Saturday, August 6, 2016

Correction of hyponatremia and hypernatremia mnemonic


Never correct sodium too quickly.

If you correct hypernatremia too fast, it'll result in cerebral edema. Why?
When hypernatremia is corrected too rapidly, cerebral edema results because the relatively more hypertonic ICF accumulates water.

If you correct hyponatremia too fast, it'll result in central pontine myelinolysis (CPM) aka osmotic demyelination syndrome. Why?

Chronic hyponatremia is associated with the loss of osmotically active organic osmolytes (such as myoinositol, glutamate, and glutamine) from astrocytes, which provide protection against brain cell swelling.
However, organic osmolytes cannot be as quickly replaced when the brain volume begins to shrink in response to correction of the hyponatremia. As a result, brain volume can fall from a value that is initially somewhat above normal to one below normal with rapid correction of hyponatremia.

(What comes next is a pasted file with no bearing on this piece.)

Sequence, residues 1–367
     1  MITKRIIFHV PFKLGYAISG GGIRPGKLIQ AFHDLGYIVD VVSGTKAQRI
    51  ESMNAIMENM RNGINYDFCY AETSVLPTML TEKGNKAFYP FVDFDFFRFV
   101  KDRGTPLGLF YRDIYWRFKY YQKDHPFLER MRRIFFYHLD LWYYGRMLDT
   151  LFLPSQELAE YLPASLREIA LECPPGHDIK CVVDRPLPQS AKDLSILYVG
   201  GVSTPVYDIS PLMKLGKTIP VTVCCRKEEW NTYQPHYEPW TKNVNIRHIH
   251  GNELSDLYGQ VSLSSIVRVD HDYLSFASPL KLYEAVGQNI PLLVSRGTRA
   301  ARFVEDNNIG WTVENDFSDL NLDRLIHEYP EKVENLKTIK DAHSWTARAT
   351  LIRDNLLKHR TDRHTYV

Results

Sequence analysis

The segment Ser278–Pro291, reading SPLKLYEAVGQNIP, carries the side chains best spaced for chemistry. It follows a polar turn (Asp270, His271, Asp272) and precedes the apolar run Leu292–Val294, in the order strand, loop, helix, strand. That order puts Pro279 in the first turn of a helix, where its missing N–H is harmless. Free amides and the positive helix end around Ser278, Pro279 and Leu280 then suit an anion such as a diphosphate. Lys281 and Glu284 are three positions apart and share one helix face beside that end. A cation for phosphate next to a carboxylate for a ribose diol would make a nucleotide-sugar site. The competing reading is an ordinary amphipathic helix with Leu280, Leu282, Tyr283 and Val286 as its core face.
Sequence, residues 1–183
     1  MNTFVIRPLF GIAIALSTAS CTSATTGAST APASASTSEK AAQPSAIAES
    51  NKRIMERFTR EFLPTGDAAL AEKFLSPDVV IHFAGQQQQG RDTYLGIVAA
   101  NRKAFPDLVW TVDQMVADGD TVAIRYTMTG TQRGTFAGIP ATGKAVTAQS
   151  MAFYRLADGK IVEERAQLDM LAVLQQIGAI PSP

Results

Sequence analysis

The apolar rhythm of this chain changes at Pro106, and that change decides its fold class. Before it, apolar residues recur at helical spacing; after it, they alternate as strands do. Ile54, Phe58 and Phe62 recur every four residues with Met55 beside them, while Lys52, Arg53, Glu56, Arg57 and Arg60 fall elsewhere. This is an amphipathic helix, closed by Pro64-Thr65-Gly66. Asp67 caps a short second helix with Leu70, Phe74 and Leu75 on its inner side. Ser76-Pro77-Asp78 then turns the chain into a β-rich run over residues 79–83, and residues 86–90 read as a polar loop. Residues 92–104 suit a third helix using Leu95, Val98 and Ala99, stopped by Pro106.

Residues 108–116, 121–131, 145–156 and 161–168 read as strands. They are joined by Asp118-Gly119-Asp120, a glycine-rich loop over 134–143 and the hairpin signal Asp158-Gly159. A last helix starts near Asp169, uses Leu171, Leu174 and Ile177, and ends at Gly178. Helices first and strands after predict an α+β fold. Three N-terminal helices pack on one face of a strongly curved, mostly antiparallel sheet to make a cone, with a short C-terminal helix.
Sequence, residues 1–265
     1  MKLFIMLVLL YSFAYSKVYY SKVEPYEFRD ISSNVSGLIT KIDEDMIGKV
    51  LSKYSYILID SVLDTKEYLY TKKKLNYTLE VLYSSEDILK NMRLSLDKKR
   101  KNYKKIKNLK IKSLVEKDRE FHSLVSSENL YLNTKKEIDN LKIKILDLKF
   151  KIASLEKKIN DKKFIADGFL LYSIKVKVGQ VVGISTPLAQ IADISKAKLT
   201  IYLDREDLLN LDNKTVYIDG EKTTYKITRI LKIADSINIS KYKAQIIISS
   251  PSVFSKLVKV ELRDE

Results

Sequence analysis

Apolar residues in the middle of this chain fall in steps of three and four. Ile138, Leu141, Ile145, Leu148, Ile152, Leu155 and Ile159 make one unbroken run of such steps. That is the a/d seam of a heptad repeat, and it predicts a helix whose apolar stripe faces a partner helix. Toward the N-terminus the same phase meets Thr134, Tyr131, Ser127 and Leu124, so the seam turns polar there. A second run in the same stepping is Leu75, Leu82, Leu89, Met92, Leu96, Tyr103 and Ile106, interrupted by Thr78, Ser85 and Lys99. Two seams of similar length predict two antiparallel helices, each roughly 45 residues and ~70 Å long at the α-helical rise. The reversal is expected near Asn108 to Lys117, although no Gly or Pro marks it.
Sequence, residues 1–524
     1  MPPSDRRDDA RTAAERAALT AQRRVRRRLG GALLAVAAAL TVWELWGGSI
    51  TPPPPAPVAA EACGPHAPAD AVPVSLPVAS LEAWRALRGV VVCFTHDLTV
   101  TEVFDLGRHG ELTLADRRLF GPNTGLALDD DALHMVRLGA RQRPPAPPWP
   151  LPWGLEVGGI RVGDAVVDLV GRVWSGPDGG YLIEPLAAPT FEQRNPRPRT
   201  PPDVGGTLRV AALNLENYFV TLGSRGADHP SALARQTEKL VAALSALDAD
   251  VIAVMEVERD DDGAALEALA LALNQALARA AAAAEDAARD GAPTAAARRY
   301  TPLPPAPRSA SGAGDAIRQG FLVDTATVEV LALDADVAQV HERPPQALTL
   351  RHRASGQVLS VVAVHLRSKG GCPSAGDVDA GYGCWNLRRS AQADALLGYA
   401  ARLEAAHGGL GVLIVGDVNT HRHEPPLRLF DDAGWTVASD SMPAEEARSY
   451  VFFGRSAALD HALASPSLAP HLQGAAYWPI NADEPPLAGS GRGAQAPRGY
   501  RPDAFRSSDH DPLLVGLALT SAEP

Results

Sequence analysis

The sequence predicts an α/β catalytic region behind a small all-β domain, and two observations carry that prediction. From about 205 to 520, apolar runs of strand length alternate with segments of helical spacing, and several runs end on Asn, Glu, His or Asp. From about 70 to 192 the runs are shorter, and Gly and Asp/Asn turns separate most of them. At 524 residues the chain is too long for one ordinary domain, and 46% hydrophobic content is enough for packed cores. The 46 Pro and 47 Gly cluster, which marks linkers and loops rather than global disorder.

The mechanism by which a rapid fall in brain volume results in demyelination has not been established.

How do I remember this?

Central pontine myelinolysis* mnemonic
Here's another mnemonic:
From low to high, your pons will die (CPM)
From high to low, your brain will blow (Cerebral edema, herniation)

That's all!


1 comment:

  1. Loved this mnemonic. Keep it up guys. You are helping a lot of students.


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